News / Europe

As Poland Mourns, Politics Looms in Background

Poland is deep in mourning for President Lech Kaczynski, his wife and 94 other prominent military officials and civilians, killed in a plane crash Saturday in western Russia.  But amid preparations for a state funeral, questions about elections and succession loom in the background.

No one in Warsaw wants to talk politics when Poles by the thousands - from government ministers to average citizens - have been lining up to pay their last respects to President Lech Kaczynski and his wife, Maria.  

Words like tragedy and catastrophe are most often uttered when people talk about last Saturday's plane crash that killed the couple along with so many other senior military officials, lawmakers and prominent civilians.

So it was no surprise that Speaker of Parliament and interim President Bronislav Komorowski did not rush to announce a date for new elections.

Mr. Komorowski said all political party representatives agreed the date for new elections would not be announced until April 21 - after the period of mourning.

Poland's Constitution mandates Mr. Komorowski take over as interim president, but he had already been designated by the ruling Civic Platform party as a presidential candidate in elections scheduled for later this year.  He was to run against President Kaczynski, who was expected to seek another term from the opposition Law and Justice Party.

Now elections will be held before the end of June, and political analyst Edmund Wnuk-Lipinski of Civitas College in Warsaw says this puts Mr. Komorowski in a difficult position.

"Whatever he does will certainly be evaluated in political terms and in terms of his candidacy to the highest office.  That is why he has to be very cautious," said Wnuk-Lipinski.

There is much talk that former prime minister Jaroslaw Kaczynski, the twin brother of the late president, may run for office in his brother's place.  They were voted into office when Lech won the presidency in 2005 and Jaroslaw became prime minister from 2005 to 2007.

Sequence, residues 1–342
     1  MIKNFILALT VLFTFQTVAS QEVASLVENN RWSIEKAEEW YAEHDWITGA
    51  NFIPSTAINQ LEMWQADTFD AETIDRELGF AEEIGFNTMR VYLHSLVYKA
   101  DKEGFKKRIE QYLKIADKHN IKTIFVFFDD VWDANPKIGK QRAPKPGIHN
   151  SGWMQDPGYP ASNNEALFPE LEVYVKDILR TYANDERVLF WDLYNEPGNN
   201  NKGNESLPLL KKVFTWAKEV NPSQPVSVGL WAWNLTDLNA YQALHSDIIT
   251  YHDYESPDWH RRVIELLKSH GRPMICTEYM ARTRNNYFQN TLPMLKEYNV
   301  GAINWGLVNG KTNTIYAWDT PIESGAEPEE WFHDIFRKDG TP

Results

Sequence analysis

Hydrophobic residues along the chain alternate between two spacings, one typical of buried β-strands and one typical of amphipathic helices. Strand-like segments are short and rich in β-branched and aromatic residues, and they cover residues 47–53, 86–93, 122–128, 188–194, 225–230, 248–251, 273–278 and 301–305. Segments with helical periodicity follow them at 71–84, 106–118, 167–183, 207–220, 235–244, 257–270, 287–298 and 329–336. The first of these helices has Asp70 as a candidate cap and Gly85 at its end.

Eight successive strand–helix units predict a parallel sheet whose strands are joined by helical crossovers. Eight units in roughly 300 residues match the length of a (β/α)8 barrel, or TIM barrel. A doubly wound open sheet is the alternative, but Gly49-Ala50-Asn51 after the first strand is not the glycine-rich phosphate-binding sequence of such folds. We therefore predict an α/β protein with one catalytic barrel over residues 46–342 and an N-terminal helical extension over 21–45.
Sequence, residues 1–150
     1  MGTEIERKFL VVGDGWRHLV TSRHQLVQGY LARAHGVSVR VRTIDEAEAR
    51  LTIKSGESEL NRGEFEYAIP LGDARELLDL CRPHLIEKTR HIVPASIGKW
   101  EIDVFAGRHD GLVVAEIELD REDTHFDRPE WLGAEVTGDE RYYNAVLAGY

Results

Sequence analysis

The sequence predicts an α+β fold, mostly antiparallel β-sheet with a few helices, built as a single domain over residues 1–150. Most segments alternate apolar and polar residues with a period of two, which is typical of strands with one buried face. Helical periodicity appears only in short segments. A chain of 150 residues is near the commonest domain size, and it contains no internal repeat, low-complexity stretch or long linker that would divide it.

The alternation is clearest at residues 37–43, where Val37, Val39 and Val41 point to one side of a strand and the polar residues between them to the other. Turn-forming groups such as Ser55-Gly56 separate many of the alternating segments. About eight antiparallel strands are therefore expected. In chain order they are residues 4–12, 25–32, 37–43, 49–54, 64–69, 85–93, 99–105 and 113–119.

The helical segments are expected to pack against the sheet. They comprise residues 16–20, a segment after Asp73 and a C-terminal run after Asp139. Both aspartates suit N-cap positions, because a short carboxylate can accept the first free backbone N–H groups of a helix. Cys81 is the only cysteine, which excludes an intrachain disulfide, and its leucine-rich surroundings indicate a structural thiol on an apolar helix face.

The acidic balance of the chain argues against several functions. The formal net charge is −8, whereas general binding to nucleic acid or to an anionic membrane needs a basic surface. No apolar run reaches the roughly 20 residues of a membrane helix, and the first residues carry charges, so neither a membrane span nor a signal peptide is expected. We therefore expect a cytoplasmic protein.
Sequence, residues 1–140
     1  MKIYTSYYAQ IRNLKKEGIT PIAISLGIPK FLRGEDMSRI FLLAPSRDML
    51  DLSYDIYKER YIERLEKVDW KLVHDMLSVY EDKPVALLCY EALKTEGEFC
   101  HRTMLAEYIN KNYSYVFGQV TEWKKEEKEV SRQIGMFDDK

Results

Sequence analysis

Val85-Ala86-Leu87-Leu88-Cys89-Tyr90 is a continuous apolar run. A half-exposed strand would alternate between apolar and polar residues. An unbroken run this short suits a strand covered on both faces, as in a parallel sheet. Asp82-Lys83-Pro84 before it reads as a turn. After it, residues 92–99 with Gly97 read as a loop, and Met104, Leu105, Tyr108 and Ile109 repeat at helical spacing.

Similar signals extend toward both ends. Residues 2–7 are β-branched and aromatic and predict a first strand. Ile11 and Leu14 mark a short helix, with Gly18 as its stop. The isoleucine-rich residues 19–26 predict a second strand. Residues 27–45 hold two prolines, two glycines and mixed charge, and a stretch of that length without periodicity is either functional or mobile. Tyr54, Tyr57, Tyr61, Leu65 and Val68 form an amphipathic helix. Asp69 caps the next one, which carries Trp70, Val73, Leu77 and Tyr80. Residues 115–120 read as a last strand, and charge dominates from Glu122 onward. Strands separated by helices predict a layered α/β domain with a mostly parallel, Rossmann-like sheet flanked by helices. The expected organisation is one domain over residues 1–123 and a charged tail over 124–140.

The brothers were widely viewed as divisive, seen by supporters as upholding conservative, nationalist and traditional values, while critics accused them of pandering to xenophobia.  

A Jaroslaw Kaczynski candidacy is not out of the question says Poland Institute for Public Affairs Director Jacek Kucharczyk.

"What we do know is that before this air crash, Jaroslaw Kaczynski was never mentioned as a plausible candidate," said Kucharczyk.  "People speculated whether Lech Kaczynski is the best candidate to represent the Law and Justice Party.  As we know his ratings were relatively poor, but Jaroslaw Kaczynski's ratings as a politician were even poorer.  We do not know how this will change with the sympathy vote," he added.

Analysts point out that Poland's democratic institutions have functioned well during this crisis.  There has been no power vacuum and Poles have shown a great deal of unity in mourning.

But political analyst Wnuk-Lipinski says those emotions should not be taken for granted.

"Public life in Poland is very tense with emotions.  So far the emotions are good.  But if politicians spoil this situation, then we may observe a very rapid turn of emotions, equally strong, but bad emotions, conflict and this kind of stuff," said Lipinski.

A warning to politicians to tread with caution.  What seems certain is that politics will take center stage in the coming weeks as Poland gears up for new elections and succession.

You May Like

UN Watchdog Urges Israel to Probe Possible Gaza War Crimes

More than 2,100 Palestinians, most of them civilians, were killed in a 51-day war in Gaza, along with 67 Israeli soldiers and six civilians in Israel More

New Kenyan 'Thin SIMs' Poised to Transform African Mobile Money